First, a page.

Half of disability benefit claims are rejected in Glasgow


Credit: Glasgow Guardian/Caroline Evans Abbott

Ollie Rudden
Deputy News Editor

Just over half of disability-benefit claims in Glasgow have been rejected this year, according to government figures.

The most recent statistics released by the Department of Work and Pensions (DWP) show 7,199 Personal Independence Payments (PIP) claims were decided last July.

In Glasgow, 50.3% of claims were rejected, and 45.5% for the whole of Scotland, which is up from 44.8% the previous year.

PIP is a benefit introduced in June 2013 by the then Conservative-Liberal Democrat coalition government via the Welfare Reform Act 2012 and the Social Security (Personal Independence Payment) Regulations Act 2013, which set up PIP as a replacement for Disability Living Allowance (DSA) to help reduce government spending.

The benefit is to help cover extra costs of long-term health conditions and disabilities of people over 16 years of age. In order to claim, you must require assistance for everyday tasks such as dressing, eating and shopping.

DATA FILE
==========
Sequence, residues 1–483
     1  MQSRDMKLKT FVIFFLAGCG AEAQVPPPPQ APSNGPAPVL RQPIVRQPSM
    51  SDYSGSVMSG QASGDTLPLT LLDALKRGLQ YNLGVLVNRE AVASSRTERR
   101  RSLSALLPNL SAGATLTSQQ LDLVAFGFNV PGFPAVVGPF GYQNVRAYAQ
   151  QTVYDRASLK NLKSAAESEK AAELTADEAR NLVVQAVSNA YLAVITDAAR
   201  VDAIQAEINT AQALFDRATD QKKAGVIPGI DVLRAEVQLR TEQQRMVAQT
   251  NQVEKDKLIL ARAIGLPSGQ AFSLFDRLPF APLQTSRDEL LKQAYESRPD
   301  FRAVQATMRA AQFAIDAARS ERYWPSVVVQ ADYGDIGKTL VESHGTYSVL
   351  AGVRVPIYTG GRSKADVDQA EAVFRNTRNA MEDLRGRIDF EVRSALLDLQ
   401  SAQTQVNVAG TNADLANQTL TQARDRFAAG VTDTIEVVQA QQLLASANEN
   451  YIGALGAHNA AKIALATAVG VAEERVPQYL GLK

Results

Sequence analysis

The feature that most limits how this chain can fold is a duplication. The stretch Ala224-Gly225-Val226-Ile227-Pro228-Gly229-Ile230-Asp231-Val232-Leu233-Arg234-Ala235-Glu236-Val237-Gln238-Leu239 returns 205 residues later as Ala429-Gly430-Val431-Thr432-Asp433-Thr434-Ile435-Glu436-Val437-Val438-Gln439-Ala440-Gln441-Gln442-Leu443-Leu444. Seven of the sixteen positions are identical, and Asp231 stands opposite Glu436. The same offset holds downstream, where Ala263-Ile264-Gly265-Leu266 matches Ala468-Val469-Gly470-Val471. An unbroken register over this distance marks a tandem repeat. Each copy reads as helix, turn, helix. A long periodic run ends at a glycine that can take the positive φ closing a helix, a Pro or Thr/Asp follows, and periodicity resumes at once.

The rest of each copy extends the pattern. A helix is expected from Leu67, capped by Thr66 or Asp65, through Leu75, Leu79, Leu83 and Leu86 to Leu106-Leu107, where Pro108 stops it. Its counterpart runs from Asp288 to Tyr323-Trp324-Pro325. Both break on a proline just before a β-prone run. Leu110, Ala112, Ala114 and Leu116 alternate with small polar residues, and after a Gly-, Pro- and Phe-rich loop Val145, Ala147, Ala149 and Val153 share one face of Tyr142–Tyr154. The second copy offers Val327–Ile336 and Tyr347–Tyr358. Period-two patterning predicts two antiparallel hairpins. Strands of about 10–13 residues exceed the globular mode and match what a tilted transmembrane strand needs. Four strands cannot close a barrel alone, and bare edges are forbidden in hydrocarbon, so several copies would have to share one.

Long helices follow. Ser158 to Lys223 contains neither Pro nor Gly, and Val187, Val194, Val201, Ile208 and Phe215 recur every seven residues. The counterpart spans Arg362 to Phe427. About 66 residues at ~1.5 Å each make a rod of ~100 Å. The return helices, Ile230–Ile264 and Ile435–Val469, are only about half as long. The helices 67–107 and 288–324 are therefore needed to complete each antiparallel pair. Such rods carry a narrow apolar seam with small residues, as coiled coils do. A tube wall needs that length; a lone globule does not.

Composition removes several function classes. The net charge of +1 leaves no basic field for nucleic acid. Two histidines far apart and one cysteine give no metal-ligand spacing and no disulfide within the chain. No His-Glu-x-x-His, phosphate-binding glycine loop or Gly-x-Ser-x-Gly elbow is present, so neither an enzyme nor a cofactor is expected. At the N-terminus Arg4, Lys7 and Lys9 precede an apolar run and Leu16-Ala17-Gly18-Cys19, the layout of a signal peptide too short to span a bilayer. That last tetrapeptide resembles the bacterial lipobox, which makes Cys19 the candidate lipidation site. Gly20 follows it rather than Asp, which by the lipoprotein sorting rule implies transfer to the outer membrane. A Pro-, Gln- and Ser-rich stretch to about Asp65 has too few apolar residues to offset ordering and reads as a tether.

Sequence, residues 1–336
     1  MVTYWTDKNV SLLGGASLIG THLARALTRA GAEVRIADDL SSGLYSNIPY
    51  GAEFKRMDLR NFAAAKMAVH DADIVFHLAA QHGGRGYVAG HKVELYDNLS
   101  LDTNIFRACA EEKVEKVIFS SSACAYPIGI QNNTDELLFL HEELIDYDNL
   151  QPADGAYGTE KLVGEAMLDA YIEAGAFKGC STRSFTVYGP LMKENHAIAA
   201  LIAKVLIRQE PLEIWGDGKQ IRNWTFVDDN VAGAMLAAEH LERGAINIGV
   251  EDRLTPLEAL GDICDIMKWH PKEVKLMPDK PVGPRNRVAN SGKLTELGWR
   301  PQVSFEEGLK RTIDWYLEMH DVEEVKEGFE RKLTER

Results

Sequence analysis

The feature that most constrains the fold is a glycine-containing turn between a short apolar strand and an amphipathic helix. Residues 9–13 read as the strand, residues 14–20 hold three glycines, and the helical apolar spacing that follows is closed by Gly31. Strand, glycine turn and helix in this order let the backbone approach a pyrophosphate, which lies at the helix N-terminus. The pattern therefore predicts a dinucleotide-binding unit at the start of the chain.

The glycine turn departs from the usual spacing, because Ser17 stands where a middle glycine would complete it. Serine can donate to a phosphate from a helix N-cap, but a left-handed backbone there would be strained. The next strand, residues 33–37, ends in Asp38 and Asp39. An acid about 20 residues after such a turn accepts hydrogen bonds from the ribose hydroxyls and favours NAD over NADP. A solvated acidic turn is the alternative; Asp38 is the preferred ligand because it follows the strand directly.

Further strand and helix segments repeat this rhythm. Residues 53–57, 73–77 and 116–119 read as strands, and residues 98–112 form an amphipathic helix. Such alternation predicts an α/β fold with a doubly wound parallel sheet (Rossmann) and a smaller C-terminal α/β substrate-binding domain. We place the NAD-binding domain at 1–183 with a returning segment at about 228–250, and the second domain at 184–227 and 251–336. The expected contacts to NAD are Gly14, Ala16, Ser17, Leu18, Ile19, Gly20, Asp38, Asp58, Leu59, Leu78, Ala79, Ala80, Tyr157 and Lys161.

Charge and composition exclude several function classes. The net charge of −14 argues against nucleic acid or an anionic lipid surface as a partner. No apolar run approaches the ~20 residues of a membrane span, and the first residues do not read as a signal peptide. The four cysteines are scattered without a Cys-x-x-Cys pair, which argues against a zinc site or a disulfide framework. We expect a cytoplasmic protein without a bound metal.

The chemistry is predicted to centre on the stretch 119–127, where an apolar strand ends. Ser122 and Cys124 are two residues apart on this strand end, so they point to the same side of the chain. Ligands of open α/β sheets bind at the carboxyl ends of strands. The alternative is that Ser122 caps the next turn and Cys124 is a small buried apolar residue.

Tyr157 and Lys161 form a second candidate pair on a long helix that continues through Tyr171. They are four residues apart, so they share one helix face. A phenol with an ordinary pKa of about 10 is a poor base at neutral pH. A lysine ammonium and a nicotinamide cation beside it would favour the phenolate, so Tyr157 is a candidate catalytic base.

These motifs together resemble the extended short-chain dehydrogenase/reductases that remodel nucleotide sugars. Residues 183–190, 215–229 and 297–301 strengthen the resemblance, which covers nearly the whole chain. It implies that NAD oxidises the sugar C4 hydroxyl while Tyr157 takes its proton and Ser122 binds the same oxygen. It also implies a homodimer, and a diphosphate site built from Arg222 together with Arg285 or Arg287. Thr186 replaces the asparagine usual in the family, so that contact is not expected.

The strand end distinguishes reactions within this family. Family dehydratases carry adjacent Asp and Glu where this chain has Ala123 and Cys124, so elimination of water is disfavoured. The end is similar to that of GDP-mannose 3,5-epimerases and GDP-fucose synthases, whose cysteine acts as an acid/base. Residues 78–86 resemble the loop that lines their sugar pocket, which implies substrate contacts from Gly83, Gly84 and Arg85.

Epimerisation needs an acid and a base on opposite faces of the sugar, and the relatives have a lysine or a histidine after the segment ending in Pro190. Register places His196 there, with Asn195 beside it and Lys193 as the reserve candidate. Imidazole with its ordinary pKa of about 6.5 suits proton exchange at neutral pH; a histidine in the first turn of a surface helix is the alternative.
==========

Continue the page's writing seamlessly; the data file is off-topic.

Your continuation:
DWP says a majority of applicants were rejected as they did not meet the necessary requirements needed at their assessment. 263 claims were rejected for claimants not attending their assessment and 876 rejections for not submitting their application on time. A further 24 were also rejected for unknown reasons.

The application process requires answering a questionnaire and submitting evidence, which includes a face to face assessment by DWP. The assessment has attracted heavy criticism from disability campaigners for it being complicated for claimants.

Additional DWP figures show 9,400 complaints were made to assessment providers relating to the assessments in 2018.


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